Have you noticed how the idea of a ‘soiree‘ or ‘salon‘ has been emerging as a way of bringing together like-minded people in the worlds of art and interiors? Talks by specialists, dinners with gorgeous ‘grammable’ tablescapes all put together with small groups of people who are, of course, networking – albeit in a much more subtle way. I have to say I didn’t hesitate when PR Georgie Pridden invited me along to meet a group of extremely interesting guests for a Midsummer Night’s supper in June. As a special one-off for Georgie, the venue for the evening was Howe’s achingly stylish showroom in London.
As a stylist/journalist I am often asked what I think the latest trends might be. At any one time, there are inevitably more than just one but there are sometimes a few trends which stand out more than others. Whilst I don’t personally adhere to every one, I do get a thrill when something comes along that has a meaningful design ethos, such as the current Arts & Crafts interiors and fashion trend. This is set to be fuelled by a large retrospective of Edward Burne-Jones at Tate Modern in October.
If you aren’t one of her followers on Instagram, then there is every chance that you won’t have heard of artist and decorative painter, Flora Roberts. For fans of surface pattern, Flora is the artist behind many highly successful floral wallpaper and fabric designs for companies such as Lewis & Wood.
Before you throw another log on the fire (I jest – as I am hoping the weather is now firmly Summer-bound!) the worlds of UK interior design and publishing have everything you need to bring the turquoise shores and warmth of Mediterranean sun into your home. No passport required, no need to practise your Brexit queuing techniques at immigration…
It may be the smallest room in the house, but the ‘powder room’ (as it’s sometimes more glamorously known in the US) is becoming the focus for a bit of serious interior design attention. Brits have long been known for a bit of humour when decorating a cloakroom or loo be it with quirky family photos, cartoons or with trophies of sporting triumphs. Now designers on both sides of the Atlantic are going all out with maximalist decorating schemes.
Continue reading “How to create Powder Room chic”
Back in the embryonic days of the blog (all of two years ago!) pale pink was one of the first posts I wrote about. It’s not quite bordering on a sugar plum fairy complex … but I am a bit of a pink fan – particularly when it comes to decorating. I returned to the colour again last summer with a post on Indigo and Blush so you can imagine my excitement at recent London Design Week shows to see more interior and fashion designs emerging for 2018. Continue reading “Pink blush interiors”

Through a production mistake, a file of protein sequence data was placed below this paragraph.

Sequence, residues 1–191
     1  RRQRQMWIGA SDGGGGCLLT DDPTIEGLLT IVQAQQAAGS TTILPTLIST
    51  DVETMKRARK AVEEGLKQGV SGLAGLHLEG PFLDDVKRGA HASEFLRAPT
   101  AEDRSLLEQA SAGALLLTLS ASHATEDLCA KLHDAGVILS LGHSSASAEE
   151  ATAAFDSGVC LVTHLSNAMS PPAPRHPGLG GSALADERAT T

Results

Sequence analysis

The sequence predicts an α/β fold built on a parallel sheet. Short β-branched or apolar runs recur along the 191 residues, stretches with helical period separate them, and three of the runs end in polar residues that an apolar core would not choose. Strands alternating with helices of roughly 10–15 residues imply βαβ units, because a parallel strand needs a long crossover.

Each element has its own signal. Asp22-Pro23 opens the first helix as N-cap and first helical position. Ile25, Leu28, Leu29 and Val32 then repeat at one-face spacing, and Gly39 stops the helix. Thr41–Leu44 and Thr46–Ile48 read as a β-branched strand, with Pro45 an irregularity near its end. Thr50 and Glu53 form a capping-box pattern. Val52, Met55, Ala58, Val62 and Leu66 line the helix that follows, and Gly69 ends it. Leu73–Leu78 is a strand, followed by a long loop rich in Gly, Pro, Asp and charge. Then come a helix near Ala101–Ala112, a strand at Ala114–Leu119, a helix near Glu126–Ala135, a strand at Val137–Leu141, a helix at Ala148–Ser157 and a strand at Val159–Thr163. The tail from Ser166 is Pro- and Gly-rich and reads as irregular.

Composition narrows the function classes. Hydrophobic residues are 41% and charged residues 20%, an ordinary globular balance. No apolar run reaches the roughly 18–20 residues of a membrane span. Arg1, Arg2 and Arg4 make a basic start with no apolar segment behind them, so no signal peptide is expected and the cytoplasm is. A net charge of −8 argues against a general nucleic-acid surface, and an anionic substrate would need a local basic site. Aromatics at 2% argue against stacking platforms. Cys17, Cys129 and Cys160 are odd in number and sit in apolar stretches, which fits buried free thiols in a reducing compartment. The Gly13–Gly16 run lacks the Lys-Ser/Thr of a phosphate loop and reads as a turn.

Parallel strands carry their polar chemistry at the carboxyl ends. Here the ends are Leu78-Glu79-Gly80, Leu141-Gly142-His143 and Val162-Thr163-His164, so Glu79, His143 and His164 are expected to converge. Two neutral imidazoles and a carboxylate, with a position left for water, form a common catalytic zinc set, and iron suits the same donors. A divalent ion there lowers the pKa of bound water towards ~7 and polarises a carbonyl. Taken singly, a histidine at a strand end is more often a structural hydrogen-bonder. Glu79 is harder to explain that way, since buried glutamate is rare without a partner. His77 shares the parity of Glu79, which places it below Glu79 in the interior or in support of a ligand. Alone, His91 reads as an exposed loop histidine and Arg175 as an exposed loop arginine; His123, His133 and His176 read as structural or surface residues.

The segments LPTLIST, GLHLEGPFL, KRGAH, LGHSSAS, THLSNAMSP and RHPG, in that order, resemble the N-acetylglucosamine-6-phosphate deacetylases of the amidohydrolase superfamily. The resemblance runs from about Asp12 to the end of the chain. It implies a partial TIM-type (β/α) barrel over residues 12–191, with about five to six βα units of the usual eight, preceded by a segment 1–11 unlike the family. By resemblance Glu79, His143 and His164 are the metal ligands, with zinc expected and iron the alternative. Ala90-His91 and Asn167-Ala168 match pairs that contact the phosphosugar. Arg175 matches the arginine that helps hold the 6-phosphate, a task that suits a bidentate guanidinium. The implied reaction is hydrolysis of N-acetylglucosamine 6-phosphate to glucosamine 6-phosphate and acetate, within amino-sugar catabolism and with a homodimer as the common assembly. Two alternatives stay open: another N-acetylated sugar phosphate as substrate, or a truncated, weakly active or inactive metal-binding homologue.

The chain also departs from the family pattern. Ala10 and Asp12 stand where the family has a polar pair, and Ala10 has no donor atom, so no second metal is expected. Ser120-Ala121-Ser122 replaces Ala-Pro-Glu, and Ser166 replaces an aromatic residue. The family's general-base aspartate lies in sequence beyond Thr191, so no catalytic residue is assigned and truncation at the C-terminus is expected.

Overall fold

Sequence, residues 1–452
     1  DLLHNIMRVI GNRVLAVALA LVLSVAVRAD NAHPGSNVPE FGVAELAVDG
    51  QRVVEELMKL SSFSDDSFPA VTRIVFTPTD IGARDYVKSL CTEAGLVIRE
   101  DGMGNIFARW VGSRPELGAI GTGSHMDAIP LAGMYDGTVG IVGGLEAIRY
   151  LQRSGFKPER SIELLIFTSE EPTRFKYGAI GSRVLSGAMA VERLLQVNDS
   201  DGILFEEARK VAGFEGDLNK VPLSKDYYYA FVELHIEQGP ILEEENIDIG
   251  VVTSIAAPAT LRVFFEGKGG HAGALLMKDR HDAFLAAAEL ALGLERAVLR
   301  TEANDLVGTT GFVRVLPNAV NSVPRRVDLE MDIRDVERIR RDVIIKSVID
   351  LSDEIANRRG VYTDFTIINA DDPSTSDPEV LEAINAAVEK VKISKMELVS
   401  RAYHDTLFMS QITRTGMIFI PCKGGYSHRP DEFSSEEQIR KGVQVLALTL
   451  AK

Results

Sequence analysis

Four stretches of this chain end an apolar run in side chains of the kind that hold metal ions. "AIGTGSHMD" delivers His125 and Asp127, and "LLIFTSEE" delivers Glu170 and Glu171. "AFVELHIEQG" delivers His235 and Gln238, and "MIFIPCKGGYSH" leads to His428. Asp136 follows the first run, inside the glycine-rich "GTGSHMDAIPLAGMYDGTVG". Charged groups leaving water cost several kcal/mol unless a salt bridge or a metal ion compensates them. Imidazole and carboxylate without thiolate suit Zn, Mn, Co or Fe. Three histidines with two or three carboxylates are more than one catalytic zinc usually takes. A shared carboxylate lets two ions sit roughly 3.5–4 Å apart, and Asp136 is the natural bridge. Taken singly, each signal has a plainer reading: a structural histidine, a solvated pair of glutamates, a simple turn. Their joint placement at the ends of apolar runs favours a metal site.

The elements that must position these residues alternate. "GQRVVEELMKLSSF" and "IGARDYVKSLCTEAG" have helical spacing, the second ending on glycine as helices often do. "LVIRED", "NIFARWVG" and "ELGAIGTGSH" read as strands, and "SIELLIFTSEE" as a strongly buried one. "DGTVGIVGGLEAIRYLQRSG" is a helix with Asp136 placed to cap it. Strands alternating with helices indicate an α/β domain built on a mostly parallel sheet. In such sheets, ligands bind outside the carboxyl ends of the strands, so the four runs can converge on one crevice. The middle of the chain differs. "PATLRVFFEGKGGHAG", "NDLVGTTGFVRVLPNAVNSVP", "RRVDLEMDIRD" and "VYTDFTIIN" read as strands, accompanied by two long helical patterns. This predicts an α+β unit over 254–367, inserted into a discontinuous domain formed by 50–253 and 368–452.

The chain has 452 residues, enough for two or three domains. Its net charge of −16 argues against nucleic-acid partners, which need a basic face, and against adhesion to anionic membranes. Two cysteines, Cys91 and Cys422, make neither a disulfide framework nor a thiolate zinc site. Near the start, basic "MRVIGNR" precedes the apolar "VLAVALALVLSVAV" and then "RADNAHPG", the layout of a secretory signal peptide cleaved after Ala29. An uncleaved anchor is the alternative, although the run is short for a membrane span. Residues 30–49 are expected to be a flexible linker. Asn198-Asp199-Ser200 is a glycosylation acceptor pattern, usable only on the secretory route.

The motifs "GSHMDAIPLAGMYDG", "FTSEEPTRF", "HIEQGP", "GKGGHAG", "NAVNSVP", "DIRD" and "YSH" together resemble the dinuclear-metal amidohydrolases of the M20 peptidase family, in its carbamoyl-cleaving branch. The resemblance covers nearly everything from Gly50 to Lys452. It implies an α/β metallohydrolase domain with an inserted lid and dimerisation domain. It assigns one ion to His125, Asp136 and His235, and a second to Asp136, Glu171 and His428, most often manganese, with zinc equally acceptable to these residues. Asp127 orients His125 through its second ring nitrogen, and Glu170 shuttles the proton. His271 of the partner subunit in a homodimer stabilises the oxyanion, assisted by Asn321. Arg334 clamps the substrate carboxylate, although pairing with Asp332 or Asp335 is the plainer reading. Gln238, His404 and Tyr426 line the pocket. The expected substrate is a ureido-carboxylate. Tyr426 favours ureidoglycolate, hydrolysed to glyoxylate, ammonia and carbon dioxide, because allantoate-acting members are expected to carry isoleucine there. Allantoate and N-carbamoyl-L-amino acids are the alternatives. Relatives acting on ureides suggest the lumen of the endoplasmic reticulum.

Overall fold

These are exciting times for small businesses because with the advent of Instagram, many people can now control their own advertising/marketing campaigns (on an hour by hour basis if they so wish!) as well as use it as a selling platform for their fledgling lifestyle brands. One such person who is not only an inspiring new fabric and wallpaper designer but extremely adept at social media and new marketing ideas is Northumberland designer Charlotte Gaisford.
If you are unsure about decorating with Monochrome in your home, frightened perhaps that it could look too stark or too gloomy, remember it’s really just about getting the colour percentages right and adding a little texture. Think about the success of Chanel, Jo Malone and The White Company branding and you can’t go too far wrong. You may remember that I wrote about Monochrome last Summer – Style It Dark For Summer – but my love of it has recently been stoked again.
Continue reading “Monochrome Interiors”
There is a bit of a 30s thing going on, not just because of Kenneth Branagh’s new film adaptation of Murder On the Orient Express. My green theme blog last year was about the trend for dark forest greens in fashion and home. Eighteen months on, it has now morphed into what I can only describe as 20s and 30s in hue – more moss than forest green. This flatter green is being showcased in both sophisticated Art Deco schemes (such as at Turnell & Gigon’s pop-up showroom at Design Centre, Chelsea Harbour) as well as in its more homely and organic roots from the interwar years.
Where has bobbin furniture been all my life?! Although it has been creeping up on my ‘interiors awareness radar’ for a while, it isn’t a style of furniture which has been much celebrated or talked about in recent times. Maybe it doesn’t appeal to everyone and has been regarded as ‘country’ furniture – not worthy of merit. I suspect that it has also been one of the many forgotten about but actually rather gorgeous chair designs (mainly dark wood) which languish in antique shops up and down the country.